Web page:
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Going Green: NPR on Environmentally Friendly Corporations

News- economics and investments

Environmental Investing


Bruce Fenton, president of Atlantic Financial Inc.
Making Paper More Environmentally Friendly (Posted: 15-Sep-04)



From National Public Radio, Detroit, by Celeste Headlee
DETROIT (2004-09-02) Officials in Michigan want to prove they're not damaging or harming the state forests. The Department of Natural Resources is spending thousands of dollars to earn a piece of paper that says it's managing the forests in a sustainable way. Once the forests are certified, the state can sell more timber to companies that are increasingly concerned about the impacts of industry on the nation's ecology. In the second of two reports on corporations and the environment, Detroit Public Radio's Celeste Headlee reports on the push to earn forest certification and what it means to the average consumer:

It's lunchtime and employees on break from Compuware in downtown Detroit are browsing through the magazine racks at Borders. There are rows and rows of glossy photos on the covers John Kerry smiling and waving in front of a flag, Lance Armstrong crossing the finish line on the Champs Elysee. Melody Kranz says she reads three different magazines every month. She says she is an avid recycler and an impassioned environmentalist, but never considered what kind of paper was going into her magazines. I don't know why I haven't thought about it, I just haven't. I will now. Because I'm a gardening nut, I love to garden. So yeah, I just haven't really thought about it.

But executive David Refkin is betting that Franz and others like her would think twice before picking up Time Magazine if they thought it was made from a 200-year-old oak out of the Amazon rainforest. Refkin is the Director of Sustainable Development for Time Incorporated. He says he's noticed a strong surge in environmental awareness over the past two or three years.
DAVID REFKIN I think many of us are starting to see more consumers be more interested in labeling and in looking at what they're putting into their bodies and the products that they and their children are utilizing.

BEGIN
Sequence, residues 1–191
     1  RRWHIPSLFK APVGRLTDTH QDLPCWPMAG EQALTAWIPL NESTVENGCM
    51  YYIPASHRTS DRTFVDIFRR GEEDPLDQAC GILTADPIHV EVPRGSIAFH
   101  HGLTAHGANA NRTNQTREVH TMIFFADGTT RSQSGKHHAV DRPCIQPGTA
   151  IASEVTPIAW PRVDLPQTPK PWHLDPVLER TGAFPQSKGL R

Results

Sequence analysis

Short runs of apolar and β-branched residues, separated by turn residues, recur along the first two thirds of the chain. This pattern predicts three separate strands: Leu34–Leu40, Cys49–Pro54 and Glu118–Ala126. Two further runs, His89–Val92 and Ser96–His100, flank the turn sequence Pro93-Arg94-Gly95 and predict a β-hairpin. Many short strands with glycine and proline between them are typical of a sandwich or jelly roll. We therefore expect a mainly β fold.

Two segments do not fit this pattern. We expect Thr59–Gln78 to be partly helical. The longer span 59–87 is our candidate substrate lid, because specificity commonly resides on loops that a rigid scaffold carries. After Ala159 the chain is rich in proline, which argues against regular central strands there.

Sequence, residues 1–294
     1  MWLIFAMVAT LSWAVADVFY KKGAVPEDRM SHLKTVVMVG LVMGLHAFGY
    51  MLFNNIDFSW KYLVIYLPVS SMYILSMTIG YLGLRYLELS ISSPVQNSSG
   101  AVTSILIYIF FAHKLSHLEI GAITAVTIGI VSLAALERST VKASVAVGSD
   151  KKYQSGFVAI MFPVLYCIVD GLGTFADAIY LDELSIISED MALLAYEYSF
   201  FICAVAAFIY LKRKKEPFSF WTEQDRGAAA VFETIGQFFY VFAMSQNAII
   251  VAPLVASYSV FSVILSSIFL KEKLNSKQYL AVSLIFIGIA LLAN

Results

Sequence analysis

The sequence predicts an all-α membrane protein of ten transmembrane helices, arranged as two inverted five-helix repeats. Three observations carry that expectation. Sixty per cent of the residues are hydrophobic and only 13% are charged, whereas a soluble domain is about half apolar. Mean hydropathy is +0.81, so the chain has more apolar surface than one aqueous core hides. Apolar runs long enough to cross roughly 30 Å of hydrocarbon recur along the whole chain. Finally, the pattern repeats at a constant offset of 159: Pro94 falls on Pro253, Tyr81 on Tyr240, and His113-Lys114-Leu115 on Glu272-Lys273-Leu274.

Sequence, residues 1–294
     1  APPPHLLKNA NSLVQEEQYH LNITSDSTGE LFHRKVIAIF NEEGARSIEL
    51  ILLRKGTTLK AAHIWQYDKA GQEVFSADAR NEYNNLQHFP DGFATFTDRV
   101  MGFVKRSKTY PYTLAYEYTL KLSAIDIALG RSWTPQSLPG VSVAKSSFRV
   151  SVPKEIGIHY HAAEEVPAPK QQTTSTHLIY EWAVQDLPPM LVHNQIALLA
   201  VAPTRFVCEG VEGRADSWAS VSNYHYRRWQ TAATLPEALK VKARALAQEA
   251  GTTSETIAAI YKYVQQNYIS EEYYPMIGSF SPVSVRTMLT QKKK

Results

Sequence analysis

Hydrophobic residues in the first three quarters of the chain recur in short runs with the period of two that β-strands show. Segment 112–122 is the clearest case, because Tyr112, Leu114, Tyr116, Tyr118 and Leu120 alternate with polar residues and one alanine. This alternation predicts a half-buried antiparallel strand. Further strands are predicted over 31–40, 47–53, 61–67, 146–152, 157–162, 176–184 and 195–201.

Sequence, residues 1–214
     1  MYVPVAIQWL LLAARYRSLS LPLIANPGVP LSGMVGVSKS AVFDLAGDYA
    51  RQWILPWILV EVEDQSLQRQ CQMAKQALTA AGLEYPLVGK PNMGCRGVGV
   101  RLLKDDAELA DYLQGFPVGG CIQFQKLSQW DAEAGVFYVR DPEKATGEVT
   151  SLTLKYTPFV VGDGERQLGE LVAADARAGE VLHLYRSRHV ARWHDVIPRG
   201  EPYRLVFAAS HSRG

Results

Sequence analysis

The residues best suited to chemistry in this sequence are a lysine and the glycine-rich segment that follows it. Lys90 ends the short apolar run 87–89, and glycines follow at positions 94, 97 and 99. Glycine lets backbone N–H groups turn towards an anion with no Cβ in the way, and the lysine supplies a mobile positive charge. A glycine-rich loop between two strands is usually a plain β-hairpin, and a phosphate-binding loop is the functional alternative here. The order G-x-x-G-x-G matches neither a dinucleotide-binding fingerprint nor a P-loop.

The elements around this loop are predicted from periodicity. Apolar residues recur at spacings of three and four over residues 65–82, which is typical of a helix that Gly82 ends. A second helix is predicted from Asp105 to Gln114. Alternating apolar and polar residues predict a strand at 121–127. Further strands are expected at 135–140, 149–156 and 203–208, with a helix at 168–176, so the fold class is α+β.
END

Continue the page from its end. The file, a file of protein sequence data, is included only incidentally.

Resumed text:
Refkin says his company wants to take action now before consumer groups decide to boycott its magazines over ecological issues. Time Warner has formed a Paper Working Group with companies like Nike, Starbucks and Toyota. The coalition is asking suppliers to provide environmentally friendly paper.

DAVID REFKIN We don't want people looking at a magazine and feeling guilty that a stream has been damaged and the fish are dying in there or that habitats aren't being protected because people are practicing bad forestry practices.
Time is the largest direct supplier of coated paper in the U-S. The company is asking that 80 percent of all paper products Time buys be certified by 2006. To the average consumer, that may not seem like big news. But for paper producers and foresters, it's earth shattering.

Larry Pedersen is with the Michigan Department of Natural Resources. Pedersen says getting certified is expensive and difficult, but necessary.
PEDERSEN A number of wood and paper-using companies brought it to our attention that they needed to have certified products because their customers were demanding those. And with us having four million acres of state forestlands, we saw the writing on the wall that we needed to jump on this.

State forests in the Great Lakes state bring in 30 million dollars in revenue annually. Earlier this year, Governor Jennifer Granholm announced that all state forests will be certified by January 1st of 2006.
Andrew Shalit, with the environmental activist group Ecopledge, says he's glad Time Warner is encouraging paper companies and state governments to get certified. But he says that doesn't necessarily mean the paper is produced in an environmentally friendly way.